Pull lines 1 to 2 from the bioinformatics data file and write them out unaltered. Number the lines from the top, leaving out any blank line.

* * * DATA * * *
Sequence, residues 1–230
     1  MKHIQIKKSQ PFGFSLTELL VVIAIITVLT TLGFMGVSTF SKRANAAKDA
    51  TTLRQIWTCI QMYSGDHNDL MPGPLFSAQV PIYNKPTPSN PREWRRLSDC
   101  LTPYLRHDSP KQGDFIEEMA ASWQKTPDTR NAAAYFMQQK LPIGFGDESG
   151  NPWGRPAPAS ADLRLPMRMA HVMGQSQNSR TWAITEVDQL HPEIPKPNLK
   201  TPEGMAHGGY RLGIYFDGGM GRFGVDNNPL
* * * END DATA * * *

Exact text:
Sequence, residues 1–230
     1  MKHIQIKKSQ PFGFSLTELL VVIAIITVLT TLGFMGVSTF SKRANAAKDA